In a country heavily influenced by Confucian values, poetry is often regarded as a means to enchant and please.
Ly Doi does not want poets to restrict their language
Now a group of young Vietnamese writers have decided to launch an offensive on poetic niceties and capture what they call "life's natural colours".
Open Your Mouth is the name of a literary quartet whose mission, it seems, is to shock and outrage.
Ly Doi, Bui Chat, Nguyen Quan and Khuc Dzuy write as they talk, with slang, grunts and all.
Their Vietnamese is the language you hear on the streets, full of swearing and sexual innuendo.
In print, their poems appear as if they were written by five-year-olds or illiterate drunkards.
The unofficial spokesman of the group, Ly Doi, said he thought all words, rude or polite, mispronounced or correct, should be treated equally and used liberally.
Another poet, Bui Chat, has a penchant for using "l" instead of "n" and "j" instead of "r".
To most readers, his verses often appear meaningless, to say the least. Some may find them annoying, or even vulgar.
But for Bui Chat, it is a way of expressing freedom and a departure from the usual rules and norms.
"I always think poems are to be shared with your loved ones. But these poems are so dirty and horrible," said Thuy Duong, a 35-year-old company manager. "They are rubbish."
Yet Open Your Mouth has become a literary success since it was established a couple of years ago.
Never having been accepted by state publishing houses, the group's books had to be produced by Xerox machines in small quantities of 40-50 copies.
These copies are widely circulated among their fans and have become a must-read among Vietnam's intelligentsia.
"This type of poetry 'rubbish' is in Vietnam for the first time. It blows a smelly breath into our literary scene, it makes us rethink the way we have been writing," enthused Inrasara, an art critic.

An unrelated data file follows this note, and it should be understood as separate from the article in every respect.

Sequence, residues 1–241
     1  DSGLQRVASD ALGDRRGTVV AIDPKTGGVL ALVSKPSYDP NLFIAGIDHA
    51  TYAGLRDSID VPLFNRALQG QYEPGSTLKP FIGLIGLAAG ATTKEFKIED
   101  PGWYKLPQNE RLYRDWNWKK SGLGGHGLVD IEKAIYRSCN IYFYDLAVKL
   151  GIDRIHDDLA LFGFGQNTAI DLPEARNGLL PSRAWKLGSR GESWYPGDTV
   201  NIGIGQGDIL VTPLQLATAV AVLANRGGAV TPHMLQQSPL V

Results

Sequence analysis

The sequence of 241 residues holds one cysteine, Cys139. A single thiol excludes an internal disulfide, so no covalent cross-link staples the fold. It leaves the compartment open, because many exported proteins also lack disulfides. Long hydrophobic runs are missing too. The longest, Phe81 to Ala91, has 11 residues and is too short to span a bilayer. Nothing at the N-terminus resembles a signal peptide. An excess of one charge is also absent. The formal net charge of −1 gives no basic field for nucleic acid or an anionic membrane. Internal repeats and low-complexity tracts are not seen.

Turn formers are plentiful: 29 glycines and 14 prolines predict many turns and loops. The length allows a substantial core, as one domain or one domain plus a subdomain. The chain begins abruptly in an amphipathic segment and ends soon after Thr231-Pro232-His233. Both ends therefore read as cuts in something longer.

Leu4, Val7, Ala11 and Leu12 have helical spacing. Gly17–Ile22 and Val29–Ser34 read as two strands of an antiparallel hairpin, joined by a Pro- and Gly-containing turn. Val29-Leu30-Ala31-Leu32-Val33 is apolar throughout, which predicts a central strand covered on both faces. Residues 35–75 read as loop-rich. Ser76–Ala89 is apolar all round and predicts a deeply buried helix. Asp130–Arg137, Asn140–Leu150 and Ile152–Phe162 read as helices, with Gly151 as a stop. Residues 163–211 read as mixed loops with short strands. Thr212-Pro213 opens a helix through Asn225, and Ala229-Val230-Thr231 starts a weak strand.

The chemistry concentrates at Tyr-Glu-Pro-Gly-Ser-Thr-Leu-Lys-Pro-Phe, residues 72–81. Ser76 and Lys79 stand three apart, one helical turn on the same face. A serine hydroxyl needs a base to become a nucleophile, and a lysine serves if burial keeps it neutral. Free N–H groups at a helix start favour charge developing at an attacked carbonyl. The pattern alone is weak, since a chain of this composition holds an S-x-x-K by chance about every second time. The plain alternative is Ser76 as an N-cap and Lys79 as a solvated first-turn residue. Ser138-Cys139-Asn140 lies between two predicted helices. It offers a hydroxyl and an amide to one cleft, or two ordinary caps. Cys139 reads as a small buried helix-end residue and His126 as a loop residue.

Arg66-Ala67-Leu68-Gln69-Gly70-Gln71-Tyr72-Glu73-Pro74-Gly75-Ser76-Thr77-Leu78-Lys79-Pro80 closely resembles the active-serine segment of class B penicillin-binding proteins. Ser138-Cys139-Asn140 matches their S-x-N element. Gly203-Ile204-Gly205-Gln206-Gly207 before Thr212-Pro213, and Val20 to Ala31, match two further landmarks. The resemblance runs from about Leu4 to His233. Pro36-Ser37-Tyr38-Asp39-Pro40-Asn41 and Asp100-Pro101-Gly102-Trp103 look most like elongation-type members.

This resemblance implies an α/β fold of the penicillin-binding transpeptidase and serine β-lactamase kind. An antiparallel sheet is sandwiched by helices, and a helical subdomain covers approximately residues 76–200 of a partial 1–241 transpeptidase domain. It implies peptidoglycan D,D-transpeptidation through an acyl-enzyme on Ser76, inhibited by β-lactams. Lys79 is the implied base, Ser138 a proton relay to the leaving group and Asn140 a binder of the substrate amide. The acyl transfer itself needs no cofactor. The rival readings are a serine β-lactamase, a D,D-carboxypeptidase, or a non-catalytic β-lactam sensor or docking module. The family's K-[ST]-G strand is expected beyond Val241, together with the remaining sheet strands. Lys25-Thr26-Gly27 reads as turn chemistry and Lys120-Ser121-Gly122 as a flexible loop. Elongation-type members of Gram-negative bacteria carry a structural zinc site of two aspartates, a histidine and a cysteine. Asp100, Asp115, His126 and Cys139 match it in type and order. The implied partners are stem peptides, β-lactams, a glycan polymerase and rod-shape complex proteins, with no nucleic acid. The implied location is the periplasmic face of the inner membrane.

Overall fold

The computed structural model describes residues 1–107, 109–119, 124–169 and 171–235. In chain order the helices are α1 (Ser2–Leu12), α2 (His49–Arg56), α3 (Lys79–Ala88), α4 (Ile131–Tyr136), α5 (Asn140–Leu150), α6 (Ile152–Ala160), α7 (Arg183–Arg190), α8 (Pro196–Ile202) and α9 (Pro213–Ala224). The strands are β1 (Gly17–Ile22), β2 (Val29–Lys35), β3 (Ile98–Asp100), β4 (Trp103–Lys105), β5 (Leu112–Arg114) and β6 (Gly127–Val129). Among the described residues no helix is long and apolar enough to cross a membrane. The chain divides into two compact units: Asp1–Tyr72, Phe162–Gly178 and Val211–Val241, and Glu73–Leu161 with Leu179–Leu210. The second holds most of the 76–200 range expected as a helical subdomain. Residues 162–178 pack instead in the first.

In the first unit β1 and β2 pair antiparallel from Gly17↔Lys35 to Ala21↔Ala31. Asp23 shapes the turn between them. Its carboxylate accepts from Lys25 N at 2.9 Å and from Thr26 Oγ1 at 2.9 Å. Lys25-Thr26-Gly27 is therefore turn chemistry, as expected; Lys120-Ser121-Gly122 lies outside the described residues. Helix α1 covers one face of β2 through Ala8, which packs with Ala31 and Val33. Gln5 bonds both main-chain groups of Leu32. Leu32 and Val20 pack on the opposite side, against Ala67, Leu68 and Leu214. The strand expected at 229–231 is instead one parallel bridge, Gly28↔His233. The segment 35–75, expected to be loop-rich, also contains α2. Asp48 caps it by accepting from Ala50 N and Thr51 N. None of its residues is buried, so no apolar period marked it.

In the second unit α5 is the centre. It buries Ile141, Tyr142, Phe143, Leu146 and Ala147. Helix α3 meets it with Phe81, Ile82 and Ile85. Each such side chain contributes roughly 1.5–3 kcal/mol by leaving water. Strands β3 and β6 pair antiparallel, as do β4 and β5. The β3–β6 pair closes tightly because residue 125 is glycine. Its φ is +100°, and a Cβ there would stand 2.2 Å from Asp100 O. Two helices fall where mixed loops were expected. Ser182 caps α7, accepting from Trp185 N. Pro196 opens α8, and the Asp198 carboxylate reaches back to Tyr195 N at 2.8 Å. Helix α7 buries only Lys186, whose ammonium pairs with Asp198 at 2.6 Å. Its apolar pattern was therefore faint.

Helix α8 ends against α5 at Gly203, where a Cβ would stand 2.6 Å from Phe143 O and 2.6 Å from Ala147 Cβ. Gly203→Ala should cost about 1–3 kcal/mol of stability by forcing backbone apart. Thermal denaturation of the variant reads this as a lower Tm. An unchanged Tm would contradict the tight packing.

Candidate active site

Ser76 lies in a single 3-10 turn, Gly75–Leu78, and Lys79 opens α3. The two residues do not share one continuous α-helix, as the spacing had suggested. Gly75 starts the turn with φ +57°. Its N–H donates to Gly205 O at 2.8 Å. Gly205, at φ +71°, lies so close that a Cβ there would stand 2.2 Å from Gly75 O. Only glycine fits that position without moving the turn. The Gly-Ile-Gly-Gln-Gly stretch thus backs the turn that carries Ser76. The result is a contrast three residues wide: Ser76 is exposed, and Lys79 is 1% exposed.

"Perhaps up to now we have been too snooty, too clinical."
Open Your Mouth also organised poetry reading nights which quickly became extremely popular in Ho Chi Minh City until the police came to close them down.
The communist state still maintains rigid ideological control over literature and the arts.
But the government's restriction has failed to discourage the young poets, who see themselves as genuine, innovative and creative writers.
Although they would not mind their work being officially printed at some point in the future, they prefer to stay underground for the moment.
"We want to avoid the state censorship that more than often cuts the life out of literary works," explained Ly Doi.
The poets' defiance against both humdrum life and government censorship has attracted a growing number of followers.
Now a dozen of young writers proudly list themselves as "underground poets", including Nguyen Quoc Chanh, who said he was happy that his poems could reach the readers in their "virginal" form.
Chanh believes there is a definite market for "real verse".
"It should be regulated by market demands, not by state publishing rules," he said.
The cultural authorities in Ho Chi Minh City have generally been turning a blind eye to the underground poets, except those reading nights that attract large groups of people.
But it is doubtful how long they can keep the status quo, given the fact that Chanh and his fellow poets' photocopying machines are getting busier by the day.